Where it all started – England
The Humanitas story began when I was a trainee teacher on the PGCE program in England, just under fifteen years ago. I had realised that what I was being taught to teach was missing an essential aspect of the educational process – self knowledge or an awareness of the self and society in its totality. Instead, there was an almost exclusive focus on equipping the youth for work and career which, though not in itself wrong, did not recognise them as human beings who also needed to flourish as individuals not just as workers.
In the middle of my professional teaching career, I moved to Cape Town, South Africa, as I was generously offered a post as Humanities lecturer. After moving there, I began to intensify my investigations and research on what educational model or structure could re-humanise the emerging generation. As I went back into history to seek answers, I stopped at the Roman senator and philosopher, Cicero, and the Latin word ‘humanitas’. At this point, I knew that Cicero was to be a key guide and that the word ‘humanitas’ contained within it the essential aspect missing from a modern education – the interrelatedness of self and society.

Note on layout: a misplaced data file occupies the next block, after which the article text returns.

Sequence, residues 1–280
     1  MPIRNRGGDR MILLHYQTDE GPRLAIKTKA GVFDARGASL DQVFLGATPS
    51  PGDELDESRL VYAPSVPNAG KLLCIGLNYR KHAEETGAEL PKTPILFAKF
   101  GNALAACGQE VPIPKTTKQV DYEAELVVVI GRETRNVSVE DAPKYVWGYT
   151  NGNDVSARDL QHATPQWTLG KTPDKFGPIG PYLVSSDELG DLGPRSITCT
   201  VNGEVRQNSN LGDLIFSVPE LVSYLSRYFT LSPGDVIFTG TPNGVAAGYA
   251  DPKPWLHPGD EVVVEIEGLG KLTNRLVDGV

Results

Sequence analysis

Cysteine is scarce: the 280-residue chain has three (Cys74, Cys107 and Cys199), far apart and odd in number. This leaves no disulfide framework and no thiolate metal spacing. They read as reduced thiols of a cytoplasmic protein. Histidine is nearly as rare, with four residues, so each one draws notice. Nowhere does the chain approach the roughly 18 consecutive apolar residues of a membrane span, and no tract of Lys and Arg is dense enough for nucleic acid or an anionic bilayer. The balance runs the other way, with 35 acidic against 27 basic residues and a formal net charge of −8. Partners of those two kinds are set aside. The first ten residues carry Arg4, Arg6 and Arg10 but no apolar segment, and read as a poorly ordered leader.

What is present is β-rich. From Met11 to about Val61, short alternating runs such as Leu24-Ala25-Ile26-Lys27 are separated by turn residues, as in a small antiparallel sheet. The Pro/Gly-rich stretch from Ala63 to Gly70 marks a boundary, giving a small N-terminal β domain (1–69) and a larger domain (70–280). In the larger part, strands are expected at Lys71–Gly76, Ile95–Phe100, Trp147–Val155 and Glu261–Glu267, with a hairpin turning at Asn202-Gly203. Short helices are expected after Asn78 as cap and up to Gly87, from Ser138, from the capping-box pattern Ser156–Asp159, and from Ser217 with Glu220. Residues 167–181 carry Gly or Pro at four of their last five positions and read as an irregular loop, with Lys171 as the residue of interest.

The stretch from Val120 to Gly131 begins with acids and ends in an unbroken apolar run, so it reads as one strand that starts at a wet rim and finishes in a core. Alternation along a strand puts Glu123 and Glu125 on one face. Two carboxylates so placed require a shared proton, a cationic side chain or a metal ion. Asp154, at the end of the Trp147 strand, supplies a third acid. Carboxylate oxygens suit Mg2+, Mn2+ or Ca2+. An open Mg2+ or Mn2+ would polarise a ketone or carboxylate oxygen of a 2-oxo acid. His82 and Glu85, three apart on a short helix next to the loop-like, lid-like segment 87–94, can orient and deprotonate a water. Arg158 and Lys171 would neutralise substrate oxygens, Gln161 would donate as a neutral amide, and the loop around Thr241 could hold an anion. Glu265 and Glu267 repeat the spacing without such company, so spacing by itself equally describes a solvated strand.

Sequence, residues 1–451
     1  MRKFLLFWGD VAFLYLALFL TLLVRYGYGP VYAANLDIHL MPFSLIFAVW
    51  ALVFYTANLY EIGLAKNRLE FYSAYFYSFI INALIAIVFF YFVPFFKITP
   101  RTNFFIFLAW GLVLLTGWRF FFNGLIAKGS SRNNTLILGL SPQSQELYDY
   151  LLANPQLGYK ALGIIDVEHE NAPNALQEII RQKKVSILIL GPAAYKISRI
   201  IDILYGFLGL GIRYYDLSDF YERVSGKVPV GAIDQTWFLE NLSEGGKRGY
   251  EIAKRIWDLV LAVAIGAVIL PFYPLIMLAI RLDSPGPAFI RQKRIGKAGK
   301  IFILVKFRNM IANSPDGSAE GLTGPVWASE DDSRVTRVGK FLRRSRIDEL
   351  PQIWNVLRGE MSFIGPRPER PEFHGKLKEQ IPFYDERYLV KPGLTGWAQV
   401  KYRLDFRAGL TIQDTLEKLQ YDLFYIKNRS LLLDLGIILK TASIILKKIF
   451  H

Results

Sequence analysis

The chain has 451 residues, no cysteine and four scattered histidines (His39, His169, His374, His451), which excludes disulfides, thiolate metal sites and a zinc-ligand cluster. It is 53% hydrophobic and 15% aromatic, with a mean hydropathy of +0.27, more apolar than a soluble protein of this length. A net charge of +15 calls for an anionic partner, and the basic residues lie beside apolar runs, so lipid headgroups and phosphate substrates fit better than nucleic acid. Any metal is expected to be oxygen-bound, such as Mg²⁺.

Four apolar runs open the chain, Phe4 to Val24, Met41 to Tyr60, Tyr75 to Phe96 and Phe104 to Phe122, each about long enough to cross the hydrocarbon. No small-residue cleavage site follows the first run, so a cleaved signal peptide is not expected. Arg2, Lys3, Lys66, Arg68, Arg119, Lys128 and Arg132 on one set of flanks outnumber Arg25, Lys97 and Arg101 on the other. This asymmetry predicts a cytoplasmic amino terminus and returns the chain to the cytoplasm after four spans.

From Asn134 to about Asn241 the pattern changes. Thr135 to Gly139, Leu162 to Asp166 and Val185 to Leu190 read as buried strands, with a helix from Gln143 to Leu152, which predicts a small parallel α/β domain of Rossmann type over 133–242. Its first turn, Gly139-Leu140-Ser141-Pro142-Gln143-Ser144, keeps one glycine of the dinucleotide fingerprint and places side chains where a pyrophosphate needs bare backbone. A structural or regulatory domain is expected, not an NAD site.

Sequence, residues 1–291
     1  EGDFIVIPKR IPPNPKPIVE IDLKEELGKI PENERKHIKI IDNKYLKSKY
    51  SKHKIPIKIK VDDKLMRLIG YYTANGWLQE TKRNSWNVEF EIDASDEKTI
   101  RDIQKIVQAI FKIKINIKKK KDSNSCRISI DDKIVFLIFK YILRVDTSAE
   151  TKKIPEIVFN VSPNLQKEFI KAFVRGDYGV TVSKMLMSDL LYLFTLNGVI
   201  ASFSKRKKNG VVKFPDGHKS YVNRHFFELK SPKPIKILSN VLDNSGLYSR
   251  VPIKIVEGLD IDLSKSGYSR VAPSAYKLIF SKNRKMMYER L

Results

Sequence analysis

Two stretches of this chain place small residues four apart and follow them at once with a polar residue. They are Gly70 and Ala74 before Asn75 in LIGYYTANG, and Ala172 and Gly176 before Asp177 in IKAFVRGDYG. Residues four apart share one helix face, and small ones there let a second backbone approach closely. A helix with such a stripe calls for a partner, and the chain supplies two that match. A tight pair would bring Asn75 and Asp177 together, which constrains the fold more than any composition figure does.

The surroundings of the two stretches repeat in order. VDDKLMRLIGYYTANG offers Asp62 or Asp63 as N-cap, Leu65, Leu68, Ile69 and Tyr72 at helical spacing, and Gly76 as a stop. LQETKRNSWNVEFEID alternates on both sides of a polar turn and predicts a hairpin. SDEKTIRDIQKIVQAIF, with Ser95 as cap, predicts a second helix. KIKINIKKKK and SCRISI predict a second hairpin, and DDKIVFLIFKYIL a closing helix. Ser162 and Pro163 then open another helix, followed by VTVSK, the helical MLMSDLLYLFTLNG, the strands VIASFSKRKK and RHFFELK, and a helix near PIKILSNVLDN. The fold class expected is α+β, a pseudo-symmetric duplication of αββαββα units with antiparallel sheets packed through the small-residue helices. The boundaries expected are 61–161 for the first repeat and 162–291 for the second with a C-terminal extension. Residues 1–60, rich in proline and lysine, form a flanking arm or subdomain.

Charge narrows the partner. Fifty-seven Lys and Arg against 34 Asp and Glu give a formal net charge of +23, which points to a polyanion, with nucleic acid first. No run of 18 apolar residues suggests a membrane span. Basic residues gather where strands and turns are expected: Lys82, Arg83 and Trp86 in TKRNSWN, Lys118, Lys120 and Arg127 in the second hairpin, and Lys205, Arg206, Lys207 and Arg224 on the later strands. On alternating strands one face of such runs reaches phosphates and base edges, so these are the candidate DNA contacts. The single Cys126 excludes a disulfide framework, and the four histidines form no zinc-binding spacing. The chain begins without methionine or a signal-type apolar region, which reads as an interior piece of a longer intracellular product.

Humanitas Lifelong Learning established
By 2016 I had started teaching in my spare time the material that I knew was vital for the exploration and comprehension of the interrelatedness of the human being and society. The number of the classes I taught in the evenings and weekends grew organically, from which I also began to teach to an online international audience.
In 2018, it became clear that all of my teaching activities locally, nationally and internationally needed to be named, given an identity, a structure and a team. With every new step I had taken forward I was presented with key individuals showing a keen interest and passion for learning and teaching. Humanitas lifelong learning was born.